As the No. 1 overall pick a year ago and a presumed NFL franchise QB since his freshman year at Clemson, Trevor Lawrence looked like anything but a generational talent in his first season with the Jaguars.
Living through the sideshow circus that was the short-lived Urban Meyer error in Jacksonville – complete with lap dances and AEW appearances by the overmatched formerly successful collegiate coach – Lawrence struggled in his first taste of professional life.
Lawrence won just three of his starts as a rookie. He completed less than 60 percent of his passes and threw more interceptions (17) than touchdowns (12) while being sacked 32 times and registering a 71.9 passer rating.
At least in part, instability on the coaching staff kept Lawrence from maximizing his ability.
It was bad. By extension he was bad.
Meanwhile, Jacksonville-born No. 15 overall pick Mac Jones landed in what was universally considered the perfect spot in New England. He had the stability of Bill Belichick and longtime, proven offensive coordinator Josh McDaniels to lean on.
Unsurprisingly, Jones had a solid if unspectacular rookie year. Whether you believe McDaniels molded or coddled or even held Jones back, it worked. The results spoke for themselves with a 10-win season to return to the playoffs.
Individually Jones earned a trip to the Pro Bowl completing nearly 68 percent of his passes with 22 touchdowns and 13 interceptions to notch an impressive 92.5 rookie passer rating.
Jones’ rookie season was a success for him and his team.
It was a good situation and the results were good.
Fast forward a year, and oh how things have changed for the two young quarterbacks as they embark on their sophomore seasons, one looking to rebound and one hoping to take his game to the next level.
In Jacksonville Lawrence is clearly surrounded by much more stability and much more talent than a year ago. His new boss, Doug Pederson, has plenty of experience as both a player and a coach that makes him an expert in the quarterback position. His Super Bowl ring speaks volumes.
If Lawrence doesn’t make positive strides in his development in Year 2, he’ll rightfully be in the crosshairs of criticism. No longer can he excuse his own play by pointing to the coaching staff or the players around him. Nope, it’s all on Lawrence to prove he’s as good as he’s supposed to be.
Meanwhile, in New England Jones is now the one facing concerns in regards to the type of coaching he’s getting. While no one would go so far as calling Belichick’s staff a circus, putting former defensive coordinator and failed Lions coach Matt Patricia and former special teams coach and failed Giants boss Joe Judge in charge of Jones’ development and the New England offense is certainly curious at best.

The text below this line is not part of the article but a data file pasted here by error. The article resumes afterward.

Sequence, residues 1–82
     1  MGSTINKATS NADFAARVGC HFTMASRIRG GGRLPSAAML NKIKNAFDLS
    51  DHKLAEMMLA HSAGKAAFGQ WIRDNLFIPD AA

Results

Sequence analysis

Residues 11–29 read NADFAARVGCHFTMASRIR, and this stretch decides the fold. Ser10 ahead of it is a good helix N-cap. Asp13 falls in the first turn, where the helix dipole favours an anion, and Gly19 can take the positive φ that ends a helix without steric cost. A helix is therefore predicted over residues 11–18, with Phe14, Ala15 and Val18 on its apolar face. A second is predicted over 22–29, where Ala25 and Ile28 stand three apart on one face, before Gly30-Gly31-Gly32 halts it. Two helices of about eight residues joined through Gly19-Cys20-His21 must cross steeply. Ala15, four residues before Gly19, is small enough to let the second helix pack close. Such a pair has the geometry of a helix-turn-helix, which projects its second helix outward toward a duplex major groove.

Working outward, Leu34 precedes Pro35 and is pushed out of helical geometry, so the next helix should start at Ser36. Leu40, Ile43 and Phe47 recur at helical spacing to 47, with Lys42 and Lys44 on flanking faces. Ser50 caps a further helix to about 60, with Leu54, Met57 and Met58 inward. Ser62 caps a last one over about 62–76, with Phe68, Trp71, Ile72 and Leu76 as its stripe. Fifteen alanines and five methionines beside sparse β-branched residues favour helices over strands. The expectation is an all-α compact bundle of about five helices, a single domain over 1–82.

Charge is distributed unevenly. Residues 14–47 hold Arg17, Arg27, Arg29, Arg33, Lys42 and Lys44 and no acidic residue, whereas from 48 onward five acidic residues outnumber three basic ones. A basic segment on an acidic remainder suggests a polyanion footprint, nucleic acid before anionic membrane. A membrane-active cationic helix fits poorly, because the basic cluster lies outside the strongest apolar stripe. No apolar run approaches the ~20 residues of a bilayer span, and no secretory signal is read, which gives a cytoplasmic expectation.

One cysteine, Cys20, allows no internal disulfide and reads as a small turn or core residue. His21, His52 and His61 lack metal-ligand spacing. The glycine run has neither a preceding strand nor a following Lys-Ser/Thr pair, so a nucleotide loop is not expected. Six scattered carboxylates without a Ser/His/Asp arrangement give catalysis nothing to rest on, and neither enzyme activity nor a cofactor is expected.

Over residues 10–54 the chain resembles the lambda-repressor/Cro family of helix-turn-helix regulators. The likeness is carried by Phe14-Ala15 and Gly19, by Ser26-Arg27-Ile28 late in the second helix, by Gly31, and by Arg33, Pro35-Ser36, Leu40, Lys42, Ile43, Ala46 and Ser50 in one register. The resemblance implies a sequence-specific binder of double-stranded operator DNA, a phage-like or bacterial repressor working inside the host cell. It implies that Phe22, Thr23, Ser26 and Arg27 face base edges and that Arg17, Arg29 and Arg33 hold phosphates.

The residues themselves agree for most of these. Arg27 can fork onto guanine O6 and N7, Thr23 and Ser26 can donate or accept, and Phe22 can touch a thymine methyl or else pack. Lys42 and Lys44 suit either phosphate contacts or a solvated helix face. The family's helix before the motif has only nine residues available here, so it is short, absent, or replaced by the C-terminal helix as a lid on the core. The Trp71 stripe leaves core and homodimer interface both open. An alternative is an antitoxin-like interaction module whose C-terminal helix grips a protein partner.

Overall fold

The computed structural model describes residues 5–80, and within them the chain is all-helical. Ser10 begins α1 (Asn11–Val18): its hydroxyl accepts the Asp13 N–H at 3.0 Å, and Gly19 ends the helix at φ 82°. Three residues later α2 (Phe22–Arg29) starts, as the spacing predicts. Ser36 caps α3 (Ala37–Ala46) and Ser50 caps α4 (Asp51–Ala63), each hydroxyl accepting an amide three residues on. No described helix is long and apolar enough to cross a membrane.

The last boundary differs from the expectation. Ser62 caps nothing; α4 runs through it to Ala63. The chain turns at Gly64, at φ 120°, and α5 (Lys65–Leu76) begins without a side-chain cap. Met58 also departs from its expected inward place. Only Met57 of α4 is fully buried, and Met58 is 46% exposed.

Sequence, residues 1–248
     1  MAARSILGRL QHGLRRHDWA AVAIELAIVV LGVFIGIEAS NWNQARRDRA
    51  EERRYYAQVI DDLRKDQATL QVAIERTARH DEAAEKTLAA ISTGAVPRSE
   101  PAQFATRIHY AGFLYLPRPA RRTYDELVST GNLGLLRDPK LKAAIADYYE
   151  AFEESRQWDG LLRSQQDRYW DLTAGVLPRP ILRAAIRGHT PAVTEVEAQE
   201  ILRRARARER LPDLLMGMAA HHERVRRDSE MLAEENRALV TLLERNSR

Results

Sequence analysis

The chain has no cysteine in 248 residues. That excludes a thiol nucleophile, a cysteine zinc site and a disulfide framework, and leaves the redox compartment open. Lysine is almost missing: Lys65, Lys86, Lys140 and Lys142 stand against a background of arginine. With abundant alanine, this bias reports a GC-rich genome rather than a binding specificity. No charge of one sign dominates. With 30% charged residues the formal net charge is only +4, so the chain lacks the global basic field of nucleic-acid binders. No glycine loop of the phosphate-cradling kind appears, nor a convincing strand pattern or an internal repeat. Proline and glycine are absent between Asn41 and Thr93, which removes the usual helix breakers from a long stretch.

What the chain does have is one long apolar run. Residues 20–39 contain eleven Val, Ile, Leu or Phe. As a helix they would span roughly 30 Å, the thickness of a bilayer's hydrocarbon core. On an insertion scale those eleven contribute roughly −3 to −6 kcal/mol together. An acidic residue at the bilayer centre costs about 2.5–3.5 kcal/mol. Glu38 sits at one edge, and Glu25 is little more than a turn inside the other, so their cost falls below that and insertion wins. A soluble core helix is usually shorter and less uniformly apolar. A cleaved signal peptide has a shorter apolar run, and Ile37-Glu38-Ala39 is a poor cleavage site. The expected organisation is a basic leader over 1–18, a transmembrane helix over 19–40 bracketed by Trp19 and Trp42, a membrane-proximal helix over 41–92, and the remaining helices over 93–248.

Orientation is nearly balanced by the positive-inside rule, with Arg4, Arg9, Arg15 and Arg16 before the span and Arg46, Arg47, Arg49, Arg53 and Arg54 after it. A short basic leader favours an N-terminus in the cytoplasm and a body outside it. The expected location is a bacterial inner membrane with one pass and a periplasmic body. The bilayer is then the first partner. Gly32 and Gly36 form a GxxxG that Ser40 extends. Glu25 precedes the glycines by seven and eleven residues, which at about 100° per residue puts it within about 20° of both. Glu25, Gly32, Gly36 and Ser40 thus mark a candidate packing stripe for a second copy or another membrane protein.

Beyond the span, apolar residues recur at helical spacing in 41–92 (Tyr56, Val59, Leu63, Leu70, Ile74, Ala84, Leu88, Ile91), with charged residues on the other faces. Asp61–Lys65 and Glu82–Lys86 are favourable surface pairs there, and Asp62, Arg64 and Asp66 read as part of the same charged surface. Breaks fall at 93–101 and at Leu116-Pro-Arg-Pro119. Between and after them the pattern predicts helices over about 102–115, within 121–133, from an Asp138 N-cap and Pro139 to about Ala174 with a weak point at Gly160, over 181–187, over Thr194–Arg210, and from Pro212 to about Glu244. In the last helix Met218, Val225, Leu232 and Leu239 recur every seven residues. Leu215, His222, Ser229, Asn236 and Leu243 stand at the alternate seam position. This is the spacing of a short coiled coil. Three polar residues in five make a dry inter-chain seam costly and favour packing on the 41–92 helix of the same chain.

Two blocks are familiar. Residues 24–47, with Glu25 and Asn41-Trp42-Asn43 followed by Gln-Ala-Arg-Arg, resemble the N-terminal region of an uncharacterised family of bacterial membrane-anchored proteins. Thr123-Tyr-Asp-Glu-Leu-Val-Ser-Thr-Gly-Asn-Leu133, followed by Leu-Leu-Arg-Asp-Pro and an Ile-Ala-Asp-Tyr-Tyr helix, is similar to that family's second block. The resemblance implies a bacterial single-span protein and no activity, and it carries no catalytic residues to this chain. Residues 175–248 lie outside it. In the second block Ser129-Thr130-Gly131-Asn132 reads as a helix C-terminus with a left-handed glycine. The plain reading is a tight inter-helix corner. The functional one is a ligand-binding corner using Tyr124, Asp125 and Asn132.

Jones admitted this spring to spending time “teaching” his supposed QB coach Judge.
While Patricia appeared to be the Patriots primary offensive play-caller this summer, both Judge and Belichick had a hand in the process at various points.
Oh, and Jones has taken to focusing on the “process” of what’s a new offense this summer in the wake of McDaniels leaving to become the Raiders head coach. Jones has avoided fixating on the “results” because those have been pretty poor at times leaving the competitive young passer visibly frustrated on both the practice and preseason game field.
The reality is that the world around Jones is anything but stable right now. The scheme. The coaches. It’s all different than what he succeeded with a year earlier.
Quarterbacks inherently get too much credit when they win, when they get their job done. That was probably the case with Jones a year ago when he landed in the perfect spot for a young passer working under the watchful eye of Belichick and McDaniels.
Quarterbacks also get too much blame oftentimes when the losses pile up or the offense struggles. That was probably the case with Lawrence a year ago when he landed in a horrific spot under Meyer.
Now, the two young players may be in for a bit of a role reversal in 2022.
Jones is the one facing significant questions about the coaching he’s receiving and the position he’ll be put in this fall.
And Lawrence looks like he could be in a nice spot to bounce back and perform at a level more in line with expectations in his sophomore campaign.
NBC’s Peter King actually predicts that Jones’ Patriots and Lawrence’s Jaguars will finish 2022 with matching 7-10 records. It would be a three-game regression for New England and a four-game improvement for Jacksonville.
Jones will probably get at least some of the blame even if he probably shouldn’t.
Lawrence will likely get much of the credit, even if there will likely be plenty of other factors at play.
Life comes at you fast in the NFL, especially at the quarterback position.
Jones and Lawrence may be about to learn that lesson.